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Swine Fever in China Slows Brazil’s Exports

Brazilian: Brazil’s soy exports to China have dropped 16% through September and likely to shrink by 55% by the end of the year. The demand for beans is also less than half of last year’s levels.

The spread of devastating African swine fever in Asia has undermined the feed demand. The fever has destroyed China’s hog herd and limited the Asian nation’s demand for oilseed used as feed. Analysist at Rabobank said on Wednesday.

But, Brazilian soybean farmers are also in a dilemma.

The demand for Brazilian soy is high this year, given that China has largely turned its back on U.S- grown oilseed; giving them a good reason to plant aggressively.

Bloomberg surveyed ten analysts and found out that the expected increase would be about 1.8%. The growth would be the slowest rate in 13 years, trailing the 3.5% five-year average and 5% annual rate of the past ten seasons.

Even with the modest growth, Brazill will still surpass the U.S as the world’s biggest soybean producer and top exporter.

According to trend-line yield estimates, Brazil may harvest 123 million metric tons in 2019-2020 season. The state forecaster Conab is scheduled to present its first 2019-2020 crop estimate on Oct. 10.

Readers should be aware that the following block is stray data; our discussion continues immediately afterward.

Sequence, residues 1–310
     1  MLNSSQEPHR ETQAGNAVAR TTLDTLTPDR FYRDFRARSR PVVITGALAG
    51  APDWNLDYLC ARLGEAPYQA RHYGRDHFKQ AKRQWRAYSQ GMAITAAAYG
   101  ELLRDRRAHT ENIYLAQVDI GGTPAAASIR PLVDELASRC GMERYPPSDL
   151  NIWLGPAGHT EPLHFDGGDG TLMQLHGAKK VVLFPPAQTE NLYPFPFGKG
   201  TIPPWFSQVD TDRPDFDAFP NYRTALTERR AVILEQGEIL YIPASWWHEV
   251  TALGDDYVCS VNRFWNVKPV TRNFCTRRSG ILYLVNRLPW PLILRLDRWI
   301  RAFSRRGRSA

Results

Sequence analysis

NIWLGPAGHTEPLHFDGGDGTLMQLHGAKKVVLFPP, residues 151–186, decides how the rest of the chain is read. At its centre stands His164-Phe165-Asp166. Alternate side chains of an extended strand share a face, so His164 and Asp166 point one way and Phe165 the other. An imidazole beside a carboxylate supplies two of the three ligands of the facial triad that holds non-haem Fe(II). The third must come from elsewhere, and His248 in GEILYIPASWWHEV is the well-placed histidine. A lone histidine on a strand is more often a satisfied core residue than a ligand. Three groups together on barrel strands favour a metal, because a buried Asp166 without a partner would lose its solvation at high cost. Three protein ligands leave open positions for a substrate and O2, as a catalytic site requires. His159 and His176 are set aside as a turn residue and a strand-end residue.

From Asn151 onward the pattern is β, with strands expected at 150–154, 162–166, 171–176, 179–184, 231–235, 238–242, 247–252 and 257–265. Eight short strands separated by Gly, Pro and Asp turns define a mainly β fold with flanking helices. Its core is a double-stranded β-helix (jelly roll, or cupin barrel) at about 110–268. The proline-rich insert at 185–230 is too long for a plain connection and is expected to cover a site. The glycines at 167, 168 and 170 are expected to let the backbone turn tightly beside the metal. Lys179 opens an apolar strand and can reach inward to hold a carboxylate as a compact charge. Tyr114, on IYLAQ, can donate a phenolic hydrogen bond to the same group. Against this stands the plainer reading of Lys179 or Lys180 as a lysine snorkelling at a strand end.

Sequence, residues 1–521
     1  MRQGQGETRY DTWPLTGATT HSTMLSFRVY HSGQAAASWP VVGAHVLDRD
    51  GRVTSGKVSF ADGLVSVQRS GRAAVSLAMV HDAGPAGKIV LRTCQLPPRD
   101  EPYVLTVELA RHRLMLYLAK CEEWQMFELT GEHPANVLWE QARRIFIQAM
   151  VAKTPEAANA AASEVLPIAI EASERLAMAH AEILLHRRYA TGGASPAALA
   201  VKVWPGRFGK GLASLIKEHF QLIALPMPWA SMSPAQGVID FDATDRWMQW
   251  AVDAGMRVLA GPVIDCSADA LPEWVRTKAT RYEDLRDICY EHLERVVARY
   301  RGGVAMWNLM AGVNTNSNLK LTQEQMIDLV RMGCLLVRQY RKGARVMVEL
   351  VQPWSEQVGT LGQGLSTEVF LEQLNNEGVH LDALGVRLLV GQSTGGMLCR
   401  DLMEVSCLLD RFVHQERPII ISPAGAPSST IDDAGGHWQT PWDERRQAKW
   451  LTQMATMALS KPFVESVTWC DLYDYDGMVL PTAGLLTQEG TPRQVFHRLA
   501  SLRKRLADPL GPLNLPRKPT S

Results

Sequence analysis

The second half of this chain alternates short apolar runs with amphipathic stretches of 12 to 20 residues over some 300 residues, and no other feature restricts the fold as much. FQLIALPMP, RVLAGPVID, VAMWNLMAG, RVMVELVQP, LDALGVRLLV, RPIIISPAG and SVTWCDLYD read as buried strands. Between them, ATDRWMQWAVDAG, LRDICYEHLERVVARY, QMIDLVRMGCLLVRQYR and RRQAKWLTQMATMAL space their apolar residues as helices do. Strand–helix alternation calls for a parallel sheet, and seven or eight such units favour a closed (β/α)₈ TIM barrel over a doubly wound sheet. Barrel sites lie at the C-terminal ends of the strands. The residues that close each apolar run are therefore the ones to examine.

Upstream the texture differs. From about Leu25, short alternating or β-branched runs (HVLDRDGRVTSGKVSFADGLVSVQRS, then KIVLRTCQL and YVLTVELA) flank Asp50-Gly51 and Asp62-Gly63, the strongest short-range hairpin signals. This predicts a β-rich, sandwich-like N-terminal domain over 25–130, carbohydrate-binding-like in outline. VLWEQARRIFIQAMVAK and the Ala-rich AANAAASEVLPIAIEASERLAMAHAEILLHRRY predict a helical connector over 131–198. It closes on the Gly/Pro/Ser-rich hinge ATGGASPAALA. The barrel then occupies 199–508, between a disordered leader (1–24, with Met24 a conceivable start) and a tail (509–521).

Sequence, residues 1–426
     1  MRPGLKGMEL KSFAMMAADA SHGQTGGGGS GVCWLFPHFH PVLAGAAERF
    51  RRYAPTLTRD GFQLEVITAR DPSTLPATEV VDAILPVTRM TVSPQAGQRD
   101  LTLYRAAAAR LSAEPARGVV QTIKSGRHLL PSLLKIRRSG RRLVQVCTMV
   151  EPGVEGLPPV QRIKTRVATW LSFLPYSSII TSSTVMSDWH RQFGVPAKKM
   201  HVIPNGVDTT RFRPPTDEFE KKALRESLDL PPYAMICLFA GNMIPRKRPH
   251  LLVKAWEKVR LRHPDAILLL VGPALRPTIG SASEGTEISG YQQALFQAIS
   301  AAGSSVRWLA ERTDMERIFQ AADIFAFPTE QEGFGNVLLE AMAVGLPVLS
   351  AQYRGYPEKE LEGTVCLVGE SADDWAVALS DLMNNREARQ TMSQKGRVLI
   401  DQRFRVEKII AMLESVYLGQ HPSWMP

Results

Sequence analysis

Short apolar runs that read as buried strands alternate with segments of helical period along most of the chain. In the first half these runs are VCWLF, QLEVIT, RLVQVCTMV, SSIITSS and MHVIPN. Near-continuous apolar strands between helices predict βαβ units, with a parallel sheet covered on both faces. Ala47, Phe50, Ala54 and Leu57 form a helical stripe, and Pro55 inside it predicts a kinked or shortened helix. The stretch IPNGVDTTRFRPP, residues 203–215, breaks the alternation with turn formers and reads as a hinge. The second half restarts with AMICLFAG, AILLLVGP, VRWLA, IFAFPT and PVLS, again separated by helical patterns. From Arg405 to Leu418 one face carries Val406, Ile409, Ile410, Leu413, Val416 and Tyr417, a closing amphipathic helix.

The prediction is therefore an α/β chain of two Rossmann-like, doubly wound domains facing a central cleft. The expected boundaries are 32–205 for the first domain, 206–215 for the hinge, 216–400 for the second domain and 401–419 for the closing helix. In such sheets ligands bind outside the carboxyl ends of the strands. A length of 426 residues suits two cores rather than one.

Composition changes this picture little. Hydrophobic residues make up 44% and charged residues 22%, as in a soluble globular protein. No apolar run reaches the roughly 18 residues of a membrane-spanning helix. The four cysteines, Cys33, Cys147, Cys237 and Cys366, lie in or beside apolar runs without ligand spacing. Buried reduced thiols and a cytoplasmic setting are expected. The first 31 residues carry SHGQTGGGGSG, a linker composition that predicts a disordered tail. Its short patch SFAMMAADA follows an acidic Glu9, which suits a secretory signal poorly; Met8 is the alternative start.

But on the other hand, Brazil is afraid that trade wars don’t last forever. The demand might drop.

 

Currency and weather moves offer further variables

Trading houses have avoided long-term purchases awaiting China- U.S talks.

While a weaker Brazilian real against the dollar means higher prices for farmers and reason to plant more, it also pushes up the costs.

Luiz Roque expects the slight soy expansion to happen as farmers switch from other crops and pastures rather than opening up new areas.

Vitor Ikeda, another analyst from Rabobank, sees a farmer’s conservative approach in the slow pace of seeding this season. He added that producers have been waiting for better weather conditions before intensifying fieldwork amid the price and margin challenges.

Farmers are delaying fieldwork because of the bad weather. Oswaldo Pasqualotto – a grower in southern Mato Grosso state said he intended to sow 11,000 hectares of Soy, but postponed because of the dry and hot weather.

Pasqualotto said farmers were not willing to take risks because of the season’s high costs. He added that this year’s uncertainties were highest compared to the past 10 to 15 years.

On Sept. 26, soybean seeding was 0.9% down from 2.8% according to AgRural consultancy. That is way below the 4.6% in the same previous year when sufficient rains allowed early planting.

Soybean seeding’s slow pace isn’t a concern in terms of crop yields so far. But, it worries farmers who plan to cultivate con during winter, immediately after the oilseed harvest.

The significant soybean crop delays may shorten the ideal window for winter corn planting.

Luiz Fernando Roque – an analyst at Safras & Mercado consulting firm said the trade war still brings a lot of uncertainties; despite having been positive for Brazilian farmers.

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